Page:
Wow. I’m not sure where else to start with Polar. What a crazy movie. I was expecting a cheesy action movie, maybe even something like Mile 22. I was not expecting one of the goriest movies I think I’ve ever seen. Consider that your warning. Do not watch this film if you can’t do graphic films. I suspect that this movie puts many horror movies to shame. There are definitely points where torture porn may be a better way to describe the film.
Having said that, I enjoyed the film. I cringed a few times and had to look away at one scene, but I really enjoyed the film. It had a great story. The idea that this world famous assassin is targeted by his employer simply to avoid paying out his pension is genius. It’s not unlike the stories we here about big corporations laying off senior employees to avoid full pension payouts. So, while it was almost comic in concept (it is, of course, based on a webcomic and graphic novel by Victor Santos), it definitely had some real world undertones. The movie is also so far over the top that it’s unbelievable, part of the reason I think that the gore of the film works.
So, we have a former assassin who just wants to retire to the quiet life and, by all accounts, seems like a kind man (at least, outside of killing people for money). He makes charitable contributions, he helps his neighbours, he’s friendly. Throughout the movie, we get these weird flashbacks to an assassination he’s performed (or maybe multiple assassinations ) – to me they feel like his conscience regretting his past actions.
There are definitely a few laughs in the film, although you definitely need a dark, twisted sense of humour to find them. Mostly, the movie is a lot of action with some character development mixed in… and what a mix of characters we have. From the enemy assassins hunting our “hero” to his employer to the next door neighbour and Johnny Knoxville as Michael Green. Knoxville had a small cameo in the opening scene as a rather amusing character (another assassin working for the same employer and freshly retired). Richard Dreyfuss also makes an appearance, but his was less entertaining.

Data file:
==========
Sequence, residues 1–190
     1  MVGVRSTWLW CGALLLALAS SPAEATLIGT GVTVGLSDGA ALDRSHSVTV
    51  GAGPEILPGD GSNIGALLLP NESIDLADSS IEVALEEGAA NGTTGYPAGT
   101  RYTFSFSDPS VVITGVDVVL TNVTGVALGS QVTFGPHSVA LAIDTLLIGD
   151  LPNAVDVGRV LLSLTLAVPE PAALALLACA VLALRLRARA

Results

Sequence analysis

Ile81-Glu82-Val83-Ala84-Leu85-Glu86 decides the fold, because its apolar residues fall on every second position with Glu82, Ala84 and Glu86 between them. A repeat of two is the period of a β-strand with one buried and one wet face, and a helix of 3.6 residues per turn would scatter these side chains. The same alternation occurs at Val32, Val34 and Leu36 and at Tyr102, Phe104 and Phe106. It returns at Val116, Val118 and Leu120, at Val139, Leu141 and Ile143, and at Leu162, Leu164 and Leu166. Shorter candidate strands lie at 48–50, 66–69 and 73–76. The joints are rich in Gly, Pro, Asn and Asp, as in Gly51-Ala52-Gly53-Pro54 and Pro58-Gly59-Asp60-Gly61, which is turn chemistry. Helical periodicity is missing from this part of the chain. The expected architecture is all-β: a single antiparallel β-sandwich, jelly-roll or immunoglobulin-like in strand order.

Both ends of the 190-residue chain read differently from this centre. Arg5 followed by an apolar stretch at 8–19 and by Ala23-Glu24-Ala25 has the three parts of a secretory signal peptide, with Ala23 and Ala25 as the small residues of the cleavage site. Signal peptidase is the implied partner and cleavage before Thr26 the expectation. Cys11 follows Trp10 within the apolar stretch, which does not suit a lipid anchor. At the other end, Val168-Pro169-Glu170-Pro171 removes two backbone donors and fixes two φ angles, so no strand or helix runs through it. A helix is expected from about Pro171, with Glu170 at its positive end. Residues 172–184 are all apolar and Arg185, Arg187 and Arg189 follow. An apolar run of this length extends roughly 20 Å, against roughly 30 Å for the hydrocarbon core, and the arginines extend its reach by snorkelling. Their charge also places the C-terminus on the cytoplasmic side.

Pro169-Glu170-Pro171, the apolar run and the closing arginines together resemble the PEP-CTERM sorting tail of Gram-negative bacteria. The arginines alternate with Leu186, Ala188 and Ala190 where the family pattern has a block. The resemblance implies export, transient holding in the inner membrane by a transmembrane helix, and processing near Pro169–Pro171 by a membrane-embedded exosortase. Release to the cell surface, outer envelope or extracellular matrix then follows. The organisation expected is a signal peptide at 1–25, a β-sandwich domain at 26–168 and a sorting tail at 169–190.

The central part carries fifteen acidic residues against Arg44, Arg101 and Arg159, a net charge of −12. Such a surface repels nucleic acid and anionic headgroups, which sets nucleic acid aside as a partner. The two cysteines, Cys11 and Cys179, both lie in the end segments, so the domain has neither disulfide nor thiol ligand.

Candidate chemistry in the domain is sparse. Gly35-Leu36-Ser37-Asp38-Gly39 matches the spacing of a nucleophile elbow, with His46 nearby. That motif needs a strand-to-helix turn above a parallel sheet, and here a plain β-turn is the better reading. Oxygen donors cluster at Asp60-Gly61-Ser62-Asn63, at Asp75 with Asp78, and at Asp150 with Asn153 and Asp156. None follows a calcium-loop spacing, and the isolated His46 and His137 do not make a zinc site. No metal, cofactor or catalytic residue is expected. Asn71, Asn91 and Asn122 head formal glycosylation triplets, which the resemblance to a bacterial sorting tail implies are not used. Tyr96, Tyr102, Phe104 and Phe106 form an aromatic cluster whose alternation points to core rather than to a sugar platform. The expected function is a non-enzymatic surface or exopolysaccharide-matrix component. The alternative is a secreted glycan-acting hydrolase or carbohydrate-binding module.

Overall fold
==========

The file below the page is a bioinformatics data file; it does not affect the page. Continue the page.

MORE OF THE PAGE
The real talk of the movie, however, should be the stars – Mads Mikkelsen as our assassin, Duncan Vizla, and Vanessa Hudgens as his neighbour, Camille. They both did an amazing job. Mads was born to play the role of the assassin. While I haven’t seen a lot of his work – I wasn’t a fan of Hannibal – I’ve always enjoyed his performances. I remember attending a SickKids Hospital brunch fundraiser where Mads was one of the celebrity guests. He told a story about the Casino Royale torture scene that I’ll never forget and every time I see him on screen, I remember that story. Vanessa Hudgens is an actress that I feel doesn’t get enough credit. She’s done a lot of great movies and she always does a phenomenal job. She also tends to take some odd roles and has done a great job of avoiding being typecast. In this role, before she speaks, I feel she’s nearly unrecognizable, they did a great job of making her fit the role with costuming and make-up, and her acting abilities take it the rest of the way.
I went back and forth with this film, unsure of how I would rate it. The gore definitely got to me at times. At the end of the day, it was a great film and it was the performances by both Mads and Vanessa, combined with the twist at the end that sealed the deal. If you can get past the torture scenes, this one is definitely worth the watch.
Movie title: Polar
Movie description: The world’s top assassin, Duncan Vizla, aka The Black Kaiser, is settling into retirement when his former employer marks him as a liability to the firm. Against his will, he finds himself back in the game going head to head with an army of younger, faster, ruthless killers who will stop at nothing to have him silenced.
Date published: 2019-01-25
Director(s): Jonas Åkerlund
Actor(s): Mads Mikkelsen, Vanessa Hudgens, Katheryn Winnick, Matt Lucas, Ruby O. Fee,, Fei Ren, Anthony Grant, Josh Cruddas, Robert Maillet, Julian Richings, Johnny Knoxville, Richard Dreyfuss
Giggles & Grins
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